Creating a Succession Plan
If enterprises don’t adequately plan for staffing shortages, they’ll be left scrambling to put out fires, forcing them to react instead of respond. It’s part of the senior manager’s role to know their people well enough to identify who can step in to fill a high-level position when someone leaves, or who could be developed to take on those positions when the time is right.
Being in constant communication with mid-level managers will help a director keep up with employee sentiment. It also makes it easy to identify likely candidates for promotion, as directors gain greater insight into their mid-level manager’s skill sets in the process of empowering them to grow in their own role.
A regular system of communication, planning, and helping employees grow lets senior managers avoid getting stuck in a cycle of purely reactive problem-solving. It also means they’ll be less likely to fall into the trap of hiring people to fill jobs as quickly as possible with little to no guidance, who then get fed up and quit.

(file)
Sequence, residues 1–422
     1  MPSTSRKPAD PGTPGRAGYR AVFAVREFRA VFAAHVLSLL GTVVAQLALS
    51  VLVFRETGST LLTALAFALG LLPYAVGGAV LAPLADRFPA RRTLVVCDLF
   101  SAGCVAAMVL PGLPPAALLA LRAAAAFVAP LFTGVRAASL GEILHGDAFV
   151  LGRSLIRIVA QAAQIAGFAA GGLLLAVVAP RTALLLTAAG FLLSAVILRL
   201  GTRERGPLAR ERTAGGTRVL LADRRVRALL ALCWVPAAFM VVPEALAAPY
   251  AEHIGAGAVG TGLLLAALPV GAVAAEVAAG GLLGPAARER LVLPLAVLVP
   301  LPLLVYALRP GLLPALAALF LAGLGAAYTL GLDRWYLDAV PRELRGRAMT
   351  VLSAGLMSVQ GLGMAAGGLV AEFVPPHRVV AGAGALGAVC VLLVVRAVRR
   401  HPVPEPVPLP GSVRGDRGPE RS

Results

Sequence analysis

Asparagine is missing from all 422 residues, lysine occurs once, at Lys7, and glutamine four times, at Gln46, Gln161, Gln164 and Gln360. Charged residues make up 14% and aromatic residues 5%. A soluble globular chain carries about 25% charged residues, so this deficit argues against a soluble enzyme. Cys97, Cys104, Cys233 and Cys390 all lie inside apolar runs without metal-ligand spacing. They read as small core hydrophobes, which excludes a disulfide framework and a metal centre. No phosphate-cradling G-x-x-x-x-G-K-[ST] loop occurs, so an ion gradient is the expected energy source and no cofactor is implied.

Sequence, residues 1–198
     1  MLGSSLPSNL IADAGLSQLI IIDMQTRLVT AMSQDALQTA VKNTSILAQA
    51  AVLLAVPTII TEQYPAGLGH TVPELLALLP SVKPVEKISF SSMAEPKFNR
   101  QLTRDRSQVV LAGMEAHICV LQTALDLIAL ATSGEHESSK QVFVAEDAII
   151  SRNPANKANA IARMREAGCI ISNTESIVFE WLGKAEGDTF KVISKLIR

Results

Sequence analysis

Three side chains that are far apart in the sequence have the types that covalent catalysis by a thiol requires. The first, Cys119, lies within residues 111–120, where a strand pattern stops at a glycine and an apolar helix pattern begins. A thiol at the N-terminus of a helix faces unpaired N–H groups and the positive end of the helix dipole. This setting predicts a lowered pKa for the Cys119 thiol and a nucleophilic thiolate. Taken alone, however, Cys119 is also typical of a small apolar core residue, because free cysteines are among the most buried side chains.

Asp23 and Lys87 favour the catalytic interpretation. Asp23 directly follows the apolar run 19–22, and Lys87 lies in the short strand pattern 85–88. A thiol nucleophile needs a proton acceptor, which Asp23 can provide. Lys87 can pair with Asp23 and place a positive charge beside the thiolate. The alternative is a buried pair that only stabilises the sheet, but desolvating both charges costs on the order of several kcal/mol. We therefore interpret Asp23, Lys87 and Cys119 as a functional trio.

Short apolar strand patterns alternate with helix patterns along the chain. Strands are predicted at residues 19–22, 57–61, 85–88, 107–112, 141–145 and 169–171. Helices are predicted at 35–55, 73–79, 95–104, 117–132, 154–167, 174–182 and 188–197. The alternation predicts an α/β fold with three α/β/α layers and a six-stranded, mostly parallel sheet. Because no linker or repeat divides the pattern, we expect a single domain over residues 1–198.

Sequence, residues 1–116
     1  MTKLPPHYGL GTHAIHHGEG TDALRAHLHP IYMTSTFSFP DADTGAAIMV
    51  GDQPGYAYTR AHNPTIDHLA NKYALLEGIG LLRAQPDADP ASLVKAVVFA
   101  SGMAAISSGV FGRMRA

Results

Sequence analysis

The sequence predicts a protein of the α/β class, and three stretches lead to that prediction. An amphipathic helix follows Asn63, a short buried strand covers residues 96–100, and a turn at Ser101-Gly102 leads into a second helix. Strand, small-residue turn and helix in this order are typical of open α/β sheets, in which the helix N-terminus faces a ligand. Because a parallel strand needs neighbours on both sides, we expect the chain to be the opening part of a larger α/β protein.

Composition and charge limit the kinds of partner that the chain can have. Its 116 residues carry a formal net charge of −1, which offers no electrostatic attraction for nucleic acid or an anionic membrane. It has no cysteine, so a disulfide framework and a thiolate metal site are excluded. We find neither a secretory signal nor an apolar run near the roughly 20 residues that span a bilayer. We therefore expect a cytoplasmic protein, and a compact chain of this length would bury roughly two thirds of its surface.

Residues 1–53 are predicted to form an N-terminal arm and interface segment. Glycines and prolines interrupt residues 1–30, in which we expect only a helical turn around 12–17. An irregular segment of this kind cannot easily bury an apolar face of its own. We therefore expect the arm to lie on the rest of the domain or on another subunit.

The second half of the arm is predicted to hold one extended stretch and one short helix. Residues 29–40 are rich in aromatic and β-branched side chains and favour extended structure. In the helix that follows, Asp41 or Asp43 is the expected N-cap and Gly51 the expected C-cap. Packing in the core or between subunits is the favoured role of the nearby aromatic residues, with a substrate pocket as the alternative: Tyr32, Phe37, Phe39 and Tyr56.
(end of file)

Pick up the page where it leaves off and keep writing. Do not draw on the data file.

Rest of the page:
Empowering and Educating Others
When the business is constantly losing staff, this can create a hectic environment where all of senior management’s time is spent solving problems. The work piles up because new hires don’t know how to do it, so the temptation is for middle managers to handle the work themselves.
But doing that causes a disconnect between them and senior management, and between middle management and staff. If a senior manager is stepping over her mid-level managers to get things done, they will soon feel disempowered.
Likewise, staff below them might end up getting two different sets of directions from two different managers, without knowing which one to follow. That creates confusion, especially if no guidance is in place that staff can adhere to. Confusion breeds resentment, which eventually leads to people quitting, which starts the cycle over again without resolving the root cause.
Savvy senior managers trust and guide their mid-level managers. By teaching them to solve challenges at their level, directors involve middle managers in the problem-solving process and empower them to do their jobs well. More tasks can be delegated once you create a better working environment.